People v Miller
2005 NY Slip Op 06698 [21 AD3d 1146]
September 15, 2005
Appellate Division, Third Department
Published by New York State Law Reporting Bureau pursuant to Judiciary Law § 431.
As corrected through Wednesday, November 16, 2005

The People of the State of New York, Respondent, v Mark Scott Miller, Appellant.


Appeal from a judgment of the Supreme Court (Lamont, J.), rendered June 29, 2001 in Albany County, convicting defendant upon his plea of guilty of the crimes of manslaughter in the second degree, vehicular manslaughter in the second degree and driving while intoxicated (two counts).

In accordance with our prior decision (17 AD3d 708 [2005]), Supreme Court held a hearing at which it was established that the blood sample taken following defendant's arrest was withdrawn by a registered nurse. In his supplemental brief, defendant asserts that the blood test results must nevertheless be suppressed since the blood sample was not withdrawn at the request of a police officer (see Vehicle and Traffic Law § 1194 [4] [a] [1]) and defendant was not advised of his right to have an additional chemical test by a physician of his choosing (see Vehicle and Traffic Law § 1194 [4] [b]). Defendant's first assertion is belied by the cross-examination testimony of an investigator with the Town of Guilderland Police Department who testified at the suppression hearing that he requested the nurse withdraw the blood sample. Second, although defendant has a right to the administration of a chemical test by a physician of his choosing (see Vehicle and Traffic Law § 1194 [4] [b]), the statute imposes no burden on the police to advise a defendant of this right (see People v Finnegan, 85 NY2d 53, 57-59 [1995]; People v Alvarez, 70 NY2d 375, 381 [1987]; People v Cegelski, 142 Misc 2d 1023, 1024 [1989], lv denied 74 NY2d 846 [1989]). Thus, we now find no error in Supreme Court's denial of defendant's motion to suppress the results of the blood test.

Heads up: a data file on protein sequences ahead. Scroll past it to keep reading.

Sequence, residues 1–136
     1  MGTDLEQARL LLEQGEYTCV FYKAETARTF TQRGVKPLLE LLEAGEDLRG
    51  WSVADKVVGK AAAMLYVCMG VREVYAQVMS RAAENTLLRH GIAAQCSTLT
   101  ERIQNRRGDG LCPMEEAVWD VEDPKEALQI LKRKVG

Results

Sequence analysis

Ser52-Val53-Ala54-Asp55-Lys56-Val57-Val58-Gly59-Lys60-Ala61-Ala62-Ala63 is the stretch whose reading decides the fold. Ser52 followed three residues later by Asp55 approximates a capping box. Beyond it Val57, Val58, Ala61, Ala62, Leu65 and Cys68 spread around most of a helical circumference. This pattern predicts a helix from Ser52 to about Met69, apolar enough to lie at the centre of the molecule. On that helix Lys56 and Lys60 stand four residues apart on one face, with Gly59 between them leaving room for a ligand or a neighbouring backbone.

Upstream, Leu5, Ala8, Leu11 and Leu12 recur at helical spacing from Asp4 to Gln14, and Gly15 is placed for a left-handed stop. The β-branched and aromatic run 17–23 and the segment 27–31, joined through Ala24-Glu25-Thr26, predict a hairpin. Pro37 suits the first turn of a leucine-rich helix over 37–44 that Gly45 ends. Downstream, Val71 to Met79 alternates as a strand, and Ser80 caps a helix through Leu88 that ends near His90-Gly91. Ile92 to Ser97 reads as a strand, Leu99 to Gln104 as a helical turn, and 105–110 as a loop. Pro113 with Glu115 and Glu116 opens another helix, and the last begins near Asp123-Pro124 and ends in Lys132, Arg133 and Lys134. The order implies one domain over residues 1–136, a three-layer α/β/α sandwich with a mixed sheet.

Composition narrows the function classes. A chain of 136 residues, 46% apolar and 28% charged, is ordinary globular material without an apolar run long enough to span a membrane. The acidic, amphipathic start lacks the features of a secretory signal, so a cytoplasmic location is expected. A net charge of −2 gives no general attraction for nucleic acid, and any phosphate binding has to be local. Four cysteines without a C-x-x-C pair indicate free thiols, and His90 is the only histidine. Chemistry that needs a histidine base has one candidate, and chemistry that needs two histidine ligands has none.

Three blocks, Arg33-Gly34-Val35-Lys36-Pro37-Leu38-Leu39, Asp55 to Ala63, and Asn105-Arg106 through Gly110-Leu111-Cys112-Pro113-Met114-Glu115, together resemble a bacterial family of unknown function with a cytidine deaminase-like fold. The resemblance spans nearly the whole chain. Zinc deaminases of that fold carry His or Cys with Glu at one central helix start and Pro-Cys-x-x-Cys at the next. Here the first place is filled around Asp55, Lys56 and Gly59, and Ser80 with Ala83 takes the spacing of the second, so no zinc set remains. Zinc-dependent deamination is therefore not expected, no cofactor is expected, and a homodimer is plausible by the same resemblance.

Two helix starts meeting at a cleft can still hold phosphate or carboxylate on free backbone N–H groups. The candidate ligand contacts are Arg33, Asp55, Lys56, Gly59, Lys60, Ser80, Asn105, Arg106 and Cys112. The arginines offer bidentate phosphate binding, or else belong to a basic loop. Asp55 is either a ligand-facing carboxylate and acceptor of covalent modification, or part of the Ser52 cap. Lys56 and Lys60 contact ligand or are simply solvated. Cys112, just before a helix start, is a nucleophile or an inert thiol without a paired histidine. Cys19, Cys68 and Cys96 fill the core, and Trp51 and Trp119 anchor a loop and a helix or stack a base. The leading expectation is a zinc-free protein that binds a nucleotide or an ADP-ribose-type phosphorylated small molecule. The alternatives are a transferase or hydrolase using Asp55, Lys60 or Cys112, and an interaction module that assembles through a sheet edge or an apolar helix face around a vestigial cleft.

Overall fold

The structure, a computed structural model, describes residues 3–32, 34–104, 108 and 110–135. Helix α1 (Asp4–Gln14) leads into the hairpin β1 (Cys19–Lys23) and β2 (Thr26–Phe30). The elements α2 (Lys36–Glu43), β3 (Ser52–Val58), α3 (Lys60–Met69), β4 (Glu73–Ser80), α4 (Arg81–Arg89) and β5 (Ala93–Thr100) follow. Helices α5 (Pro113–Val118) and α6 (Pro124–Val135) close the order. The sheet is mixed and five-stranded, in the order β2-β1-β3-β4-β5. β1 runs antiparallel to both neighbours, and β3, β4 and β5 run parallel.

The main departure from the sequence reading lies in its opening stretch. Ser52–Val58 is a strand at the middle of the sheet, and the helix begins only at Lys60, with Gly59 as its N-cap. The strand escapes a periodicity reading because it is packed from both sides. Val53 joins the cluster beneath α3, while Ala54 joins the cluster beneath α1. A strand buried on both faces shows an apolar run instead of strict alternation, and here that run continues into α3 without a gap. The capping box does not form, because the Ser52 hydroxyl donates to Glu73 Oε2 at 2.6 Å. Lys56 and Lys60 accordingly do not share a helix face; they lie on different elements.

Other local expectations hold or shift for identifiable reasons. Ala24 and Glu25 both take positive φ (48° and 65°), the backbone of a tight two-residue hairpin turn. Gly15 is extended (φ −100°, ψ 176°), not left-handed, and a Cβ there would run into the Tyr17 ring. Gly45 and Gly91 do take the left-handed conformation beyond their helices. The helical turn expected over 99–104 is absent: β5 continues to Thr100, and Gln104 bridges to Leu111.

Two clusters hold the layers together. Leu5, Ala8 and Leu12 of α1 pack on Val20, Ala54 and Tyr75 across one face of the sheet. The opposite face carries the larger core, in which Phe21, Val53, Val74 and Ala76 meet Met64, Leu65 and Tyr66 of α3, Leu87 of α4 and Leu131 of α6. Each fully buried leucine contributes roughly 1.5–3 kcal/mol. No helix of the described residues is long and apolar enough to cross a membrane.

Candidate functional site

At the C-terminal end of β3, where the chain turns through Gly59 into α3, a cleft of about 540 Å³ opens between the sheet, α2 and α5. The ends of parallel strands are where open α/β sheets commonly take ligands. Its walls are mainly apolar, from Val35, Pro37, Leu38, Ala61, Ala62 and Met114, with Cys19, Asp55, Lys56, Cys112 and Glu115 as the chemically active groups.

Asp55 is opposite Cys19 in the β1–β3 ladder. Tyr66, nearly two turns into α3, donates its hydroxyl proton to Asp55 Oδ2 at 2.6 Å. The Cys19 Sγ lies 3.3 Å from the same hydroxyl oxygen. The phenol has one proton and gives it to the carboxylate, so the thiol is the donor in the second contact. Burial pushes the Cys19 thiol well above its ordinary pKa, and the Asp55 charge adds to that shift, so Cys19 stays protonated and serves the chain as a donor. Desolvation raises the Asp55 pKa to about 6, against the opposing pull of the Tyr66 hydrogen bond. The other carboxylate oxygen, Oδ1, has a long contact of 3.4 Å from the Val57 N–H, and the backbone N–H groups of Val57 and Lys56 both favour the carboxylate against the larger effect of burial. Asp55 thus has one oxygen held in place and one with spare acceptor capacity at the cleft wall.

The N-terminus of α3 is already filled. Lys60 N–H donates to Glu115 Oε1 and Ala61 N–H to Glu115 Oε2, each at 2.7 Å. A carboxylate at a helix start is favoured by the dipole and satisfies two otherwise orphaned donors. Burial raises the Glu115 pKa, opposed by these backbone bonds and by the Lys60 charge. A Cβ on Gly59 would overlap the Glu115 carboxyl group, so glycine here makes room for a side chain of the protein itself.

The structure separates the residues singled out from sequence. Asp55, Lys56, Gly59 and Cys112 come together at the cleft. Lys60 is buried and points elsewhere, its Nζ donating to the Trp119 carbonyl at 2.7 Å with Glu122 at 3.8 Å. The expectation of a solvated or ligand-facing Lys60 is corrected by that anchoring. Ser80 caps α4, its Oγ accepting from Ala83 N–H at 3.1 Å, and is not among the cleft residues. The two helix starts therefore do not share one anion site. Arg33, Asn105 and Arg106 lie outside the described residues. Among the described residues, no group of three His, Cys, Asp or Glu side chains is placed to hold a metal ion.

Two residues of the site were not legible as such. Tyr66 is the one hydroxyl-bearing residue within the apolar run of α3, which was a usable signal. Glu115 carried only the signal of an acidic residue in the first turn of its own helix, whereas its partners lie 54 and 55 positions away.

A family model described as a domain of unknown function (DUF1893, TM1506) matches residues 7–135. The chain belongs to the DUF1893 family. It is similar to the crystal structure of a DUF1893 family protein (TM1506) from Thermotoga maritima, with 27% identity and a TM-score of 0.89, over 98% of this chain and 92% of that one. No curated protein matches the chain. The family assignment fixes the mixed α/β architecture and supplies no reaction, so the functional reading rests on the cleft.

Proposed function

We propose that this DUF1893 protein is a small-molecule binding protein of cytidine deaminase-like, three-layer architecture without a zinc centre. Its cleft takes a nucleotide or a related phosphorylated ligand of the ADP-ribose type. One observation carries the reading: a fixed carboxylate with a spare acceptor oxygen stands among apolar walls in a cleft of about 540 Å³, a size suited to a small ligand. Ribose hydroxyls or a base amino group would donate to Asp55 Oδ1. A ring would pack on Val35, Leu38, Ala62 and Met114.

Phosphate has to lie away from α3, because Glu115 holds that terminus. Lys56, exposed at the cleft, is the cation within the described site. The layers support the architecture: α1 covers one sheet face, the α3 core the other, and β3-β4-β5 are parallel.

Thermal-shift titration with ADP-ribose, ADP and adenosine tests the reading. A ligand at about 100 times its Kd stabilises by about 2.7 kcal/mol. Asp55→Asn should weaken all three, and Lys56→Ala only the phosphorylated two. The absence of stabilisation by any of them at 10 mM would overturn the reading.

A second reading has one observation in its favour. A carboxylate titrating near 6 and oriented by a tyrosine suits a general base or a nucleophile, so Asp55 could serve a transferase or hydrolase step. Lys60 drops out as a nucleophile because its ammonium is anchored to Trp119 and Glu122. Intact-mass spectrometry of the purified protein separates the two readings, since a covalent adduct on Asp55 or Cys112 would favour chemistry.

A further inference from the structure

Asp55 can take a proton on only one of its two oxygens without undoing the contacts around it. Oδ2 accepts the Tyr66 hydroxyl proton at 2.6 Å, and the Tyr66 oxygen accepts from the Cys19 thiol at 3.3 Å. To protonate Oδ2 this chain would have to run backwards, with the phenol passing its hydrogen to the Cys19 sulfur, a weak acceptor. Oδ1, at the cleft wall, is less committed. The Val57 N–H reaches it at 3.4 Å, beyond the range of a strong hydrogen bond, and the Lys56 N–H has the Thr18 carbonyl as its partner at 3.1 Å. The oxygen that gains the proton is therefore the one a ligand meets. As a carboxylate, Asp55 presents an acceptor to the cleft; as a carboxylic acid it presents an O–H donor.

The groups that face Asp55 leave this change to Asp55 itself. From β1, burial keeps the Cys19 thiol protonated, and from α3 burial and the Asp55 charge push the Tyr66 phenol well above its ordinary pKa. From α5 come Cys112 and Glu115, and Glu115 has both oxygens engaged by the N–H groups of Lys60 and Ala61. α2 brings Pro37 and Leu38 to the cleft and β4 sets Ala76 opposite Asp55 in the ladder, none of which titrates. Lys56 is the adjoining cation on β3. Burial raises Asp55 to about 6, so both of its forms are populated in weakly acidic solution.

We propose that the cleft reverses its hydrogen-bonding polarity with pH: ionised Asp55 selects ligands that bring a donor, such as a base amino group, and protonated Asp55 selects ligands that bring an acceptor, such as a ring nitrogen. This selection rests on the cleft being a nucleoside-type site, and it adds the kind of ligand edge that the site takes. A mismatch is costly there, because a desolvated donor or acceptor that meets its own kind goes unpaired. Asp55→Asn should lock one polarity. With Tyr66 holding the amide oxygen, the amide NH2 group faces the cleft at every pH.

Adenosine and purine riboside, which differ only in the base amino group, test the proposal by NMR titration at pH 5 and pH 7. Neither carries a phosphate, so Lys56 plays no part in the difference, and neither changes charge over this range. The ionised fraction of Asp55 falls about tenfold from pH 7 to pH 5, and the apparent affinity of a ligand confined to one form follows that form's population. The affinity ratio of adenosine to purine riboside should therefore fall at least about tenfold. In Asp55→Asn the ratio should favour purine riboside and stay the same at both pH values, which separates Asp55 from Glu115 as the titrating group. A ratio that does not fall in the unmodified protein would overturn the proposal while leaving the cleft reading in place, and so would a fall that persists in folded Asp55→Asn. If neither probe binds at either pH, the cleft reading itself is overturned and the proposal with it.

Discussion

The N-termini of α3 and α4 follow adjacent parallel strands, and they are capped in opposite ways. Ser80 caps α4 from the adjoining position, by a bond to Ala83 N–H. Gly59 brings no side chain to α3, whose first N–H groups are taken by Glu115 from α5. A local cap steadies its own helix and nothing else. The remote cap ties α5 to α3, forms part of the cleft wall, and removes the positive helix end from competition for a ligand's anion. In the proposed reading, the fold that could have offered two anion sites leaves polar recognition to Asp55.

Next, we find no error in Supreme Court's refusal to suppress oral statements made by defendant at the scene of the accident prior to his arrest. We agree that under the circumstances then existing, no reasonable person would have thought that he was in police custody (see People v Yukl, 25 NY2d 585, 589-591 [1969]) and the statements made by defendant resulted from investigative questioning (see People v Tankleff, 84 NY2d 992, 994 [1994]) or were spontaneously made by defendant during the performance of field sobriety tests.

Lastly, defendant asserts that the sentence imposed was harsh and excessive in view of his overwhelming and sincere remorse. As the sentence imposed is within the statutory parameters for this second felony offender (see Penal Law § 70.06) and we find neither a clear abuse of discretion nor the presence of extraordinary circumstances (see People v Perkins, 5 AD3d 801, 804 [2004]; People v Johnson, 307 AD2d 384, 385 [2003], lv denied 1 NY3d 574 [2003]), we decline to modify it.

Cardona, P.J., Crew III, Spain and Rose, JJ., concur. Ordered that the judgment is affirmed.